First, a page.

23 May 2021

Landscape Into Art: The Light In Switzerland

Eighteen forty-eight is usually remembered as a year of revolution in Europe; not so in Switzerland.  That year the Swiss Confederation was formed and, with three official languages taken from neighboring countries of France, Italy, and Germany, Switzerland seemed to inoculate itself against the excesses of 19th century nationalisms. In the event, the arts would provide the country its genius loci. A remarkable generation of painters emerged in the decades immediately before World War I  who remade the alpine landscape through  radical stylistic inventions. Most would complete their art studies away from home.

Giovanni Giacometti (1868-1933), the son of a baker in Stampa,  managed to enroll at the Munich  School of Arts and Crafts. There he became friends with Cuno Amiet (1868-1961), from the German-speaking canton of Solothurn where Amiet's father was the chancellor of the canton. The two friends decided to go to Paris where they enrolled at the Academie Julian but financial difficulties forced Giacometti to return home. Meanwhile Amiet joined the artist colony around Paul Gauguin in Pont-Aven; the experience convinced him of the primacy of color in painting.  At first his work was not well-received in Basel but he won a silver medal the Universal Exposition in 1900;  his work would remain grounded in French traditions, sometimes evoking the style of the Nabis, heavily influenced as they were by Japanese wood block prints. The Yellow Girls could have been a wood  block print as easily as a painting but as a painting it is completely modern.

After Paris, Giacometti found the isolation of life in Stampa unbearable and traveled south to Rome in 1893 where he had the good fortune to find a mentor  in Giovanni Segantini (1858-1899). Under the more experienced painter's influence he came to appreciate the  beauty inherent in the mountainous Swiss landscape.  During his lifetime Segantini was one of Europe's most famous painters. 

Felix Vallotton (1865-1925) was born into a conservative middle class family in French-speaking Lasuanne. He arrived in Paris at the beginning of 1882, working as an art restorer and an art critic for a newspaper back in Lausanne. His paintings began to attract Swiss patrons at  he same he was experimenting with printing techniques. In 1892 he joined  the Nabis,  a Vallotton's landscapes are always spectacular,  their extreme simplification  through bands of bright colors curving and bending, expressive of movement in nature although not strictly representational. His painting style was influenced by his experiments with prints where line is a primary means of communication. 

All three artists share an interest in the effects of light on a landscape of theatrical proportions, intensified by their imaginative use of bold colors.  These works are currently on view at the Musee d'Orsay in Paros as part of Swiss Modernities (1890-1914) from 19 May - 25 July 2021.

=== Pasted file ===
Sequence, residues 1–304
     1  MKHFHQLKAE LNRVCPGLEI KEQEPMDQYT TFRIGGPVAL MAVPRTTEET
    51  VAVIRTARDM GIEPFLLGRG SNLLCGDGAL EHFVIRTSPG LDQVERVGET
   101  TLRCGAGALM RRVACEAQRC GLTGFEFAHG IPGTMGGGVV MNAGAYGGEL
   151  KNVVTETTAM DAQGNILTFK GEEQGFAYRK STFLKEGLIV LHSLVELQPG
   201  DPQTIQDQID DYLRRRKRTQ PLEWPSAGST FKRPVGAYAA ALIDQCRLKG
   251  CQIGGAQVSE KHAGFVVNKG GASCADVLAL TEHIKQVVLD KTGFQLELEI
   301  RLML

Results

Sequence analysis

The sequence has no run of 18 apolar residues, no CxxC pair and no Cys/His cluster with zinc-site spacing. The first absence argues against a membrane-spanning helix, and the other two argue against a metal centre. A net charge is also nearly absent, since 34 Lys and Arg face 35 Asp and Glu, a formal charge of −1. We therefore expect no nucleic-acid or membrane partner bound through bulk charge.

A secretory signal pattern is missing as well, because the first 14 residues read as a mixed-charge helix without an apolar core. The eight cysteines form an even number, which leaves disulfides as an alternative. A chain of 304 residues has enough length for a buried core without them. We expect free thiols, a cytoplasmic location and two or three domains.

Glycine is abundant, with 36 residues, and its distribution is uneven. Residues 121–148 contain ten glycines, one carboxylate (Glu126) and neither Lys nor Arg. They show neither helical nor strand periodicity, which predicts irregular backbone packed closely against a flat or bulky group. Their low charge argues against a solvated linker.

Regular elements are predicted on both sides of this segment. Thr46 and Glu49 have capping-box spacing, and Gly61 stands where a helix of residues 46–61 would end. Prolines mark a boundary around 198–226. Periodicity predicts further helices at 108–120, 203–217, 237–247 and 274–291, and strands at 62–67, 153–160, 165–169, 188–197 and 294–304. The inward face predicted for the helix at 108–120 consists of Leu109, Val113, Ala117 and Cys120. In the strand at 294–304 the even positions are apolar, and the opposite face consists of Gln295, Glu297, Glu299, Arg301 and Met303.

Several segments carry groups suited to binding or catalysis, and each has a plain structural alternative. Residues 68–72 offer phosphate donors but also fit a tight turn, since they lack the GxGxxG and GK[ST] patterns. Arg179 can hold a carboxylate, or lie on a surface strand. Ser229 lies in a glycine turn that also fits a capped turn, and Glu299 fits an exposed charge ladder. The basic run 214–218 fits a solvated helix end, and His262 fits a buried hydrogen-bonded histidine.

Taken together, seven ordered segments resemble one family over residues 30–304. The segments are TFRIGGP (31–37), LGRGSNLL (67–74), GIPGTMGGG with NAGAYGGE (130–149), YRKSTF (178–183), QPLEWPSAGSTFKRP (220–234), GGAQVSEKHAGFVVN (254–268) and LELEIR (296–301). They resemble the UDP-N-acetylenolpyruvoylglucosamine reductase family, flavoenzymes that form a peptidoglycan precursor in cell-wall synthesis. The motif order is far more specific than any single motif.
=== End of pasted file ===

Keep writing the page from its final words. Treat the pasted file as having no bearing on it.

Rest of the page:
You can access the Swiss art database here in four languages (English, French, German, Italian).


1. Giovanni Giacometti - Primavera, 1905, tempura on canvas, Bundner Kunstmuseum, Chur.

2. Cuno Amiet - The Yellow Girls, 1905, oil on fiberboard, private collection.

3. Felix Vallatton - Effect of Evening Light on Lac Leman, 1900, Tempura on cardboard.

05 May 2021

Portrait Of A Vespertine Flower: Amy Lamb

 "the narcotic breath of beauty and bane" - Linda Marie Van Tassell

Datura goes by many names: thornapple, jimsonweed moonflower, devil's trumpet, hells bells

Lamb thinks of her flower paintings as portraits. "I often print my images very large to allow the viewer to delve into the 'soul' of the flower." Here she creates an image rich in chiaroscuro; the purple bloom has, as if by magic, soaked up all the available light.  The bundled strands of the neck erupt into a flamboyant flurry or ruffles, like old-fashioned crinolines. Purple Datura, typically of Lamb's work, examines the distinctive forms and colors of plants, "the amazing engineering that goes into plants." Inspired to train as a molecular biologist by her fascination with biodiversity, Lamb only began to study photography after her children had grown up.

Lamb grows most of the plants she photographs in her home garden in Bethesda, Maryland.  She relishes the opportunity it gives her to observe the life cycles of plants and to choose the perfect photographic moment. "I like the fact that there's a lot of nature that's not under my control, that in order to do what I do, I have to conform to the plant."

As an artist-scientist, Lamb is heir to a tradition that stretches  back to Maria Sibiyla Merian (1647-1717) who was an early, significant contributor to entomology as well as a scientific illustrator through the Canadian Mary Vaux Walcott  (1860-1940) who meet her geologist husband in 1913 while she was hiking the Canadian Rockies in search of flowers to paint.

Image: Amy Lamb - Purple Datura, 2015, digital print of a photograph, National Museum of Women in the Arts, Washington, DC.